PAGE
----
Carneddau Horseshoe

General Trip Reports

On Saturday 6th September I met up with a group of private clients from London, Warrington and Manchester. Two were previous clients of ours, Jennifer and Davina, having joined us for a day on the Snowdon Horseshoe a couple of years ago. That had been one of our best trips of the year – pleasant company, good weather and testing terrain. Now Jennifer and Davina were back in Betws y Coed with some friends who had tagged along – and they wanted adventure!

I had popped over to their hotel in Betws-y-Coed to go through the potential routes. The criteria was simple – a long day out, some easy scrambling and a ‘quiet day’ – something we specialise in! We sat in the bar of the hotel, poring over maps and talking through our options. In the end a plan was formed and a route chosen – we were heading to the Ogwen Valley

Starting from the long layby alongside the A5 we began a gentle ascent of Pen yr Ole Wen (978m above sea level). This is one of my favourite walking ascents in North Wales – you cross a stone wall then wind your way amongst boulders, streams and undergrowth before entering the upper cwm above the shores of Ffynnon Lloer. In winter this is a climber’s playground, with dozens of winter climbing routes scattered across the headwall of the cwm. Our ambitions today were a little tamer – but we still had a short scramble ahead of us before we reached the main ridge.

Pen Yr Ole Wen stream crossing
Pen Yr Ole Wen stream crossing

After some basic scrambling tuition and practice on the lower rocks we crossed over to the slab and gully that needed to be climbed and ascended to the broken, shrubby ledges and slopes that lead to the summit. From here the main summits of Y Carneddau are visible, that is they would be if it wasn’t for the all-encompassing mist that descended on us! Periodically it cleared, showing glimpses of Tryfan or Carnedd Dafydd but mostly we had the perfect backdrop for a passport photo.

Watching the clouds roll past
Watching the clouds roll past

The ridge broadens and continues on to the next summit – Carnedd Dafydd (1044m above sea level). Typical of the mountains on this range, the summit is effectively a loose pile of rocks and shale, with a small shelter to crouch in and consume sandwiches (and Haribo). With the mist continuing to surround us we needed to be careful of our navigation to ensure we picked the correct path and found our way to the bwlch just before the third summit of the day – Carnedd Llewellyn (1064m above sea level). Here the white clouds began to lift, with a view and a drop appearing to our right and a towering wall of mist to our left. It also revealed a team of shepherds gathering sheep down from the upper slopes – the old and the new combining with indecipherable calls and whistles backed up by a mobile phone.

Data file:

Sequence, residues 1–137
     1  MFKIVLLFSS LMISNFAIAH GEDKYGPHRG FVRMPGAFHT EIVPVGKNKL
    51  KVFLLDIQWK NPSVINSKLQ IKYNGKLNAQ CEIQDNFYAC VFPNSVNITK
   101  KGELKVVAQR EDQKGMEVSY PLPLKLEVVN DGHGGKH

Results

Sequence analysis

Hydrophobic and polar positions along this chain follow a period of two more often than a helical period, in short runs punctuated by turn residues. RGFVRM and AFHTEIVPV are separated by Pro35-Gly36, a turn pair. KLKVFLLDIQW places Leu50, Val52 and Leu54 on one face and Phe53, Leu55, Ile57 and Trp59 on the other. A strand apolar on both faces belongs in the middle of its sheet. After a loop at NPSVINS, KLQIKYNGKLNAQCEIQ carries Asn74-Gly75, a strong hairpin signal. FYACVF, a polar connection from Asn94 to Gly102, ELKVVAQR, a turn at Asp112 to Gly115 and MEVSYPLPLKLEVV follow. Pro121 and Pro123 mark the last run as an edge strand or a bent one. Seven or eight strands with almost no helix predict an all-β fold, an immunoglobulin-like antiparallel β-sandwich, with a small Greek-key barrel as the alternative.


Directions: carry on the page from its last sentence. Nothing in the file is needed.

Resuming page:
Another summit, another photo!
Another summit, another photo!

This, our highest summit of the day, was a near double of it’s slightly smaller brother to the east. Dafydd and Lllewellyn were 13thC Welsh princes, and the nearby summit of Carnedd Uchaf was controversially renamed as Carnedd Gwenllian to create a ‘full set’ of historic names. But none of this mattered when our team of merry walkers saw what was next – a descent to a narrow ridge down a steep slope, before a final cruel climb to the last summit of the day Pen Yr Helgi Du (833m above sea level). The first descent was crossed quickly, the conversation flowing as we zig-zagged back and forth through the scree. The path began to narrow, and occasionally brought us close to the drop above Craig Yr Ysfa, scene of one of the most technical mountain rescues Wales has seen this decade. A delicate downclimb is required to get past a broad slab, then a simple, albeit loose, scramble to the summit. Pen Yr Helgi Du is one of those rare summits where the scramble on it’s flanks finishes on the summit itself.

Carneddau ponies
Carneddau ponies

Now came the long, gentle descent and walk back along the valley to the start. A short diversion to take photos of the Carneddau ponies and another stop to locate the bridge that crosses the leat under the mountain led to a road crossing of the A5 and a gentle, flat walk along an old road and through campsites to reach our cars. All that was left to do was to say a final farewell, take the obligatory group photo and recommend places to eat and drink in Betws y Coed and Capel Curig!

This is one of the best circular hillwalking routes on the Carneddau. There are other starting points from which to explore this upland massif, but this route – Pen Yr Ole Wen, Carnedd Dafydd, Carnedd Llewellyn, Pen Yr Helgi Du – has everything an adventurous hillwalker could want, but without retracing your steps or shuttling between cars. It was yet another fantastic day in the office for Snowdonia Guided Walks, with a group of fit, keen and engaging walkers who not only wanted to explore but were keen to learn new skills, look out for each other and push their boundaries. There is talk of a return trip for a round of Tryfan and Glyder Fach and Fawr – so hopefully this trip report will have a sequel!

If you would like to book one of our guides for a privately guided day in Snowdonia for this route one one of countless others, or join an organised guided walk to the summit of Snowdon or another popular Snowdonia peak then you can find out more info on the links on the menu.

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